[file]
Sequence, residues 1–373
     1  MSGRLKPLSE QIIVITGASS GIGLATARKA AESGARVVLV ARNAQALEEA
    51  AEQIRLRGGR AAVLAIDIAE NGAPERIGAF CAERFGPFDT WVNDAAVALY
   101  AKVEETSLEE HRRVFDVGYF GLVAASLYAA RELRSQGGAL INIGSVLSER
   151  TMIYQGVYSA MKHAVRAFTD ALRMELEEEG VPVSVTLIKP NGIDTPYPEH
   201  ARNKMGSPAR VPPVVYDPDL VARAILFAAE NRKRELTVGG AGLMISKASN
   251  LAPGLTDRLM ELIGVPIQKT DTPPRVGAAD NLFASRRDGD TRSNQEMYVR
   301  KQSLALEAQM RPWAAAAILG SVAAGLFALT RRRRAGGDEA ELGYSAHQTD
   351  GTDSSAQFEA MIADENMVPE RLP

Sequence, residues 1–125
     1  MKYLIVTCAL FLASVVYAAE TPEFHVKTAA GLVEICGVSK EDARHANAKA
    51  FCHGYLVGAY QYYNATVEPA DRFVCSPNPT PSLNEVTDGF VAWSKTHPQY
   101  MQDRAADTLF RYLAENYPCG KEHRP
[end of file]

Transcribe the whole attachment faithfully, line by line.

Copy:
Sequence, residues 1–373
     1  MSGRLKPLSE QIIVITGASS GIGLATARKA AESGARVVLV ARNAQALEEA
    51  AEQIRLRGGR AAVLAIDIAE NGAPERIGAF CAERFGPFDT WVNDAAVALY
   101  AKVEETSLEE HRRVFDVGYF GLVAASLYAA RELRSQGGAL INIGSVLSER
   151  TMIYQGVYSA MKHAVRAFTD ALRMELEEEG VPVSVTLIKP NGIDTPYPEH
   201  ARNKMGSPAR VPPVVYDPDL VARAILFAAE NRKRELTVGG AGLMISKASN
   251  LAPGLTDRLM ELIGVPIQKT DTPPRVGAAD NLFASRRDGD TRSNQEMYVR
   301  KQSLALEAQM RPWAAAAILG SVAAGLFALT RRRRAGGDEA ELGYSAHQTD
   351  GTDSSAQFEA MIADENMVPE RLP

Sequence, residues 1–125
     1  MKYLIVTCAL FLASVVYAAE TPEFHVKTAA GLVEICGVSK EDARHANAKA
    51  FCHGYLVGAY QYYNATVEPA DRFVCSPNPT PSLNEVTDGF VAWSKTHPQY
   101  MQDRAADTLF RYLAENYPCG KEHRP